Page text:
My temporary solution to having shot a half a roll of film in the body with the most aberrant split-screen behavior, has been to rewind the film and transfer it to the most accurate of these three bodies, and winding past the already exposed portion.
09-01-2019, 01:12 PM   #6
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Not the focusing screen per se but there are things that can upset it.

I'd bet on mirror angle being off IF the film shows focus issues but VF split screen doesn't. Setting the mirror angle would be a job for a camera tech I suspect. The factory probably had some kit to check it but I have no idea how you would do it as a DiY.

Some cameras had shims added to the underside of the focusing screen to slightly adjust its height and some have adjusted on the prism for the same reason. Same problem - a camera tech may be able to fix it but I have no idea how a DiY fix would work.

The lens markings may not be 100% if someone has disassembled the lens barrel/focusing ring and not correctly reset it and zeroed it properly.
09-01-2019, 07:36 PM   #7
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Mirrors can most certainly go way out of adjustment. I have an old spotmatic that is way off.
09-02-2019, 07:46 AM   #8
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A while back I got the scans from the roll of Kodak T400CN chromogenic B&W I shot half in the Sears KSX Super, with the split-image focusing way off, and half in the Sears KS1000, which seemed to have the most accurate split-image focusing of my three Sears/Ricoh K-mount film camera bodies. Two funny things happened:

(1) I had hardly any focus issues in the exposures with the first camera, meaning apparently I compensated for the problem sufficiently by eye-balling distances, using hyperfocal settings, and using the microprism focusing part of the screen just outside of the split-image center.

(2) I got better exposures with the KSX-Super than with KS1000 (with the more accurate split-image focusing). It may be that the KSX-Super takes a center-weighted light reading, while the KS1000 merely averages everything coming in, or perhaps the KS1000 meter is a bit off.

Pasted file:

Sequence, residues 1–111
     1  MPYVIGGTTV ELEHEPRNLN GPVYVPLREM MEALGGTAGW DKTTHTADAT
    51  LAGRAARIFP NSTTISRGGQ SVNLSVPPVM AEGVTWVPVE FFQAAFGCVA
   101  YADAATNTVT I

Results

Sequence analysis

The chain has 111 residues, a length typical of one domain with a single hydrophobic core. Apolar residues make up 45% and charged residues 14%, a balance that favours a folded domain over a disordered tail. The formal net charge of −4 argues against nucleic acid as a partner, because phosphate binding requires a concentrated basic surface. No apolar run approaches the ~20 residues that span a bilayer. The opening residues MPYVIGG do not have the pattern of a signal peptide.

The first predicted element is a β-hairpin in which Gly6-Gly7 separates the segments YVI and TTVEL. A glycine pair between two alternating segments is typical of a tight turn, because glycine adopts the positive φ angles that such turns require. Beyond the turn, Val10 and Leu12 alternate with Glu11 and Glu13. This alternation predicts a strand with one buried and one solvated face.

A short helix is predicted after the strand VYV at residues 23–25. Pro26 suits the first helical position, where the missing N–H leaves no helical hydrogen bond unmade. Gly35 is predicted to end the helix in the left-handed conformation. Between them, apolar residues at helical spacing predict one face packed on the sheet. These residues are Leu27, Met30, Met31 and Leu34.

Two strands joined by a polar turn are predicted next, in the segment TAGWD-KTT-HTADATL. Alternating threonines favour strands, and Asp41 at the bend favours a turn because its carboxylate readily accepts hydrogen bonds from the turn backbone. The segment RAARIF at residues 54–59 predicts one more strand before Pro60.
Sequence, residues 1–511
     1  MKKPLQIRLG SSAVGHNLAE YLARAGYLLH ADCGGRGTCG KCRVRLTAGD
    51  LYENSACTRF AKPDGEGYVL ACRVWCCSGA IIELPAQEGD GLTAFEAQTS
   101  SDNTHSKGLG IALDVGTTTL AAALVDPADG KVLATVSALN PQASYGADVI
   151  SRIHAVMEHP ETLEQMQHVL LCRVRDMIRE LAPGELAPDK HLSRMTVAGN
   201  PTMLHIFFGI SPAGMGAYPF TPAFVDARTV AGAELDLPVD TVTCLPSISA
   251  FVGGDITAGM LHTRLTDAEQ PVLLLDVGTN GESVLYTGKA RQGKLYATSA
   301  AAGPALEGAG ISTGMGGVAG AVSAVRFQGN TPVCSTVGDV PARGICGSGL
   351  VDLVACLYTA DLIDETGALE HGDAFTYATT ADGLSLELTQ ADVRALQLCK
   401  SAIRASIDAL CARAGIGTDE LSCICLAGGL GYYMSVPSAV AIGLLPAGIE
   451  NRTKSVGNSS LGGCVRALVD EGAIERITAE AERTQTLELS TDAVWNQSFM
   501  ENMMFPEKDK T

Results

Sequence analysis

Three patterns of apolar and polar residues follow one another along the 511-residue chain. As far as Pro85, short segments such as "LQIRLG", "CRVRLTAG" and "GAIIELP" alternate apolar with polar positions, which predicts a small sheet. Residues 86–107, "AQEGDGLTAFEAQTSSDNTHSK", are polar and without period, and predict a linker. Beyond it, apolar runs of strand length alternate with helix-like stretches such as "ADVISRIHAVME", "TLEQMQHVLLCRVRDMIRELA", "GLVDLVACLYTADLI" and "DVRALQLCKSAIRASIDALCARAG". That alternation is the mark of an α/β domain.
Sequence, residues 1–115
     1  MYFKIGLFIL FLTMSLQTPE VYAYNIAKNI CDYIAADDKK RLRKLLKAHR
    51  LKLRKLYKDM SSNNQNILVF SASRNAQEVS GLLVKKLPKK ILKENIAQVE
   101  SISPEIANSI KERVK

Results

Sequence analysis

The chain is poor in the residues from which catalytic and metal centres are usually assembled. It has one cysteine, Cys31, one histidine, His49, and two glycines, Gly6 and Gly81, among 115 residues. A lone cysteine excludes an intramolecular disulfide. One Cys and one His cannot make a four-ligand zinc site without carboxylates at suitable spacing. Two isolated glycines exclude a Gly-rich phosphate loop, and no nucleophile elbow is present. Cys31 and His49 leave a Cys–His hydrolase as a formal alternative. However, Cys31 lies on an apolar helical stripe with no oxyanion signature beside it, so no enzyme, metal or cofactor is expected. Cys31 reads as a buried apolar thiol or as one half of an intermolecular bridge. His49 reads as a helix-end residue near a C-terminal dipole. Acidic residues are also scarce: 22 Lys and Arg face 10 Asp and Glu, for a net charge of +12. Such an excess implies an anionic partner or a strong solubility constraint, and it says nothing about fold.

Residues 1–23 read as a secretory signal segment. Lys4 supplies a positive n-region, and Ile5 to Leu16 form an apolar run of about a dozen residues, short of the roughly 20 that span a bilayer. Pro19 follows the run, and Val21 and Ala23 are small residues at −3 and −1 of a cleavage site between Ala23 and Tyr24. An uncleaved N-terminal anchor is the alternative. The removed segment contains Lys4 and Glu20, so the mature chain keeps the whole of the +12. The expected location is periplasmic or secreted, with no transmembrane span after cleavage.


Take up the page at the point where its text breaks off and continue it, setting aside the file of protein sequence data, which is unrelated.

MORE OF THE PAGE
The upshot, is it makes me more curious about whether there is a way to fix the focusing issue with the KSX-Super, either by shimming the mirror or the focusing screen or by replacing the screen with one without the split-image area.

Meanwhile, I should be getting back scans in a day or so from the roll I shot in the Sears KSX, which gave split-image focusing distances closer to the KS1000.

09-02-2019, 08:02 AM - 2 Likes   #9
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If one of the film cameras (or even a DSLR that you own) has got known good infinity focus, you can use it to collimate your other cameras (assuming you can get the focusing screens out to re-shim them). Here's a guide to how to do it:

Camera repair pages

Although the guide talks about adjusting the focusing helical on your lens, you can also use this method to re-shim your focusing screen as long as both lenses used are already set correctly at their infinity stops..
09-02-2019, 08:47 AM   #10
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QuoteOriginally posted by Dartmoor Dave Quote
If one of the film cameras (or even a DSLR that you own) has got known good infinity focus, you can use it to collimate your other cameras (assuming you can get the focusing screens out to re-shim them). Here's a guide to how to do it:

Camera repair pages

Although the guide talks about adjusting the focusing helical on your lens, you can also use this method to re-shim your focusing screen as long as both lenses used are already set correctly at their infinity stops..
Thanks for the link, Dave. That is certainly a procedure that I would have never imagined in a million years--to use a second camera. Hmmm?